My moments of success with the process were those of ideation and interaction with the other designers. I enjoyed the exploration’s opportunities to map and research and wrangle with ideas through sketching and concept.
What I was missing was a healthy dose of realism about time constraint. I spent far too long on writing (which tends to go more slowly for me), which shortened my time to design. By the time I allowed myself to really design and redesign and self-edit, I had become overwhelmed and did not have enough time to really refine and struggle with creation.
February 7th, 2013
When I create something, it often feels like I am giving a piece of myself, which can be painful if it is rejected or criticized. I went through a tough BFA program that gave me a thick skin and made me courageous, so I think I feel fear based in preciousness a lot less now. However, how I am treated shapes my concern and passion for the piece that I am working on.
This course has a strongly verbal and considerate group of students who are truthful and empathetic, so I am flourishing because of the interaction. My process has been challenged by my own shortcomings in realistic aspiration—my ideas are larger than my time constraints.
During this process, I have brushed up against “elusive inspiration” but did more wrestling with my daemon than receiving laurels from muses. That reminds me of I liked about Lehrer’s video clip: his voicing the struggle component of the process. Not only is that portion of my process greatly underrepresented, it is one of my most productive parts of my process. It is one that I have a love/hate relationship with.
There is a lot written and discussed about how to get past struggle or blocks. (My friend has a book that I am actually in about getting unstuck. It’s a great book, but I feel like it does not apply to me.) There is far less about how that struggle is important for the process. My daemon is all about the wrestling and not so much about the divine gifting, the little bastard.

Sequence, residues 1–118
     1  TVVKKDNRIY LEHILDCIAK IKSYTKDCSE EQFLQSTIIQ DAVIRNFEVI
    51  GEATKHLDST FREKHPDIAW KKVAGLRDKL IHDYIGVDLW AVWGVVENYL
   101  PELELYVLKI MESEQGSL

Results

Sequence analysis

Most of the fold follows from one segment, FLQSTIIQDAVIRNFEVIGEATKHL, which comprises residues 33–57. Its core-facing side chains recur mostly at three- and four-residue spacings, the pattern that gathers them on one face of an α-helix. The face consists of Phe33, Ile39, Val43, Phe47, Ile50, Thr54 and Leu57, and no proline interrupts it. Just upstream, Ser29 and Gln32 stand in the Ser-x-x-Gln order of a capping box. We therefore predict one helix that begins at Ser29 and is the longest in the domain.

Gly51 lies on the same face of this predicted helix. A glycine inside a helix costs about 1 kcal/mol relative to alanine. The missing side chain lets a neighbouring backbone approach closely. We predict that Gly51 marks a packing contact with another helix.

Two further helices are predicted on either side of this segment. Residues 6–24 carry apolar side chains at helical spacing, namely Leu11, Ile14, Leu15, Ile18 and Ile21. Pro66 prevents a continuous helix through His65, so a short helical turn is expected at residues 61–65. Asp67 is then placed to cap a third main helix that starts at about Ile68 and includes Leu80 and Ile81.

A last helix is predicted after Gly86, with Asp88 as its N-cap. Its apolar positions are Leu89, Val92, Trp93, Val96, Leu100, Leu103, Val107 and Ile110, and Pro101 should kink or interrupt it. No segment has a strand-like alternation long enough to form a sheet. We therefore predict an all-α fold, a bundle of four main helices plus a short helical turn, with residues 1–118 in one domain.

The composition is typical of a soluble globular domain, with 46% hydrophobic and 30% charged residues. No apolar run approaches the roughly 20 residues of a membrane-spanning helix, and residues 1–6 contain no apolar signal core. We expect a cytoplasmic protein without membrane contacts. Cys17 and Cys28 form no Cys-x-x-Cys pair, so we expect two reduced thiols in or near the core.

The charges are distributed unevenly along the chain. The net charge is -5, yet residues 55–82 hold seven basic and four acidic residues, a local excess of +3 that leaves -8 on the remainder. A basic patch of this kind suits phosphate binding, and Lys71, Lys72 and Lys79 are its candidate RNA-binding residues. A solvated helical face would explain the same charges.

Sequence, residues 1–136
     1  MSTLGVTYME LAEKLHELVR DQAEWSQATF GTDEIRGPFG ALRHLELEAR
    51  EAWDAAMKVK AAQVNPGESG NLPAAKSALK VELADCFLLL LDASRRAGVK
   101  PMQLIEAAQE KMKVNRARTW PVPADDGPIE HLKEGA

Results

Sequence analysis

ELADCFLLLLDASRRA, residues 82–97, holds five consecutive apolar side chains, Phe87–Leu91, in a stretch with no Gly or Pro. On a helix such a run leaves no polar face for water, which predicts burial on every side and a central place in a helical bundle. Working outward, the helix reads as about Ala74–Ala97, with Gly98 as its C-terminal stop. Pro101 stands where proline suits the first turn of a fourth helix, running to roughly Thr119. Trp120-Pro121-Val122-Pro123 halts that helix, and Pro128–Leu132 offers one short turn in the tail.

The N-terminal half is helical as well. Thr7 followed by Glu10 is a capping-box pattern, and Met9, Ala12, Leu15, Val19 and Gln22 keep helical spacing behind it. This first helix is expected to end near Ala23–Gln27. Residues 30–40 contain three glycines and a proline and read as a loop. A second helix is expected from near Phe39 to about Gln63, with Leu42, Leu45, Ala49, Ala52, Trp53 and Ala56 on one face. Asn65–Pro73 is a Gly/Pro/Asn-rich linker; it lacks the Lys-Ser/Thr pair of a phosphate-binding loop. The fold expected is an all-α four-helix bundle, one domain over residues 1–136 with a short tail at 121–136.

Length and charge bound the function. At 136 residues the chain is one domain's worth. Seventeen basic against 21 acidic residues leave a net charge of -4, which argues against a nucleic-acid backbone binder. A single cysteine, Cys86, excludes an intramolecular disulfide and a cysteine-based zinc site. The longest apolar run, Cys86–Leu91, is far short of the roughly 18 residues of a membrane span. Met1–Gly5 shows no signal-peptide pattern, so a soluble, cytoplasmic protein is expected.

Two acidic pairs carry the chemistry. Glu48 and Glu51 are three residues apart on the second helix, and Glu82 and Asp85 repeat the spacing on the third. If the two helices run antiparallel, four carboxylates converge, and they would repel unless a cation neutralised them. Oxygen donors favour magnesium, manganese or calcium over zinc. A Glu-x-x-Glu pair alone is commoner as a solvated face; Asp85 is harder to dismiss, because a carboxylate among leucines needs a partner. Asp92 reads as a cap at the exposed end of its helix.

I think this ties in with Elizabeth Gilbert’s theory that we need to “show up and do your job, regardless”—which is what I am doing when I am struggling by surging ahead with the process without focusing on the outcome. Showing up does not mean I am entitled to anything: I am given a chance at the process and the journey, and the payoff is this experience with a secondary product.
February 3rd, 2013
I am beyond excited about this project. I have woken up from a deep sleep thinking about it. I am constantly brainstorming and researching for it. I really think that it could be a great idea. I am so, so excited, but it is not the productive type of excitement.
It’s the type of excitement that makes me pace and move things about. I feel anxious. I am in a frenzied state, the part of my heuristic bias that I would like to change. I don’t know if I am being contacted by my creative genius or daemon or muse, but he/she/it is a pain in the ass and a poor house guest.
My most productive moments have been explaining to others and hearing whether or not they are understanding what I am talking about. Also, reviewing my peers’ work has composed me and made me think about my own process as they think about and describe theirs. Doing research for a paper for another class also refocused my brain, made me stand back and refocus.
I am extremely nervous to show my peers my “uglies” because I admire their work and sketches. Oh, the sketches! Nupur and Will had sketches that were absolutely gorgeous. I have chicken scratch that probably only makes sense to me, slapped out while my brain works faster than my hand. They are good evidence of my sketchy process that I am in the middle of right now, my excitement and rather unnecessary suffering that we discussed this week in Unit 4.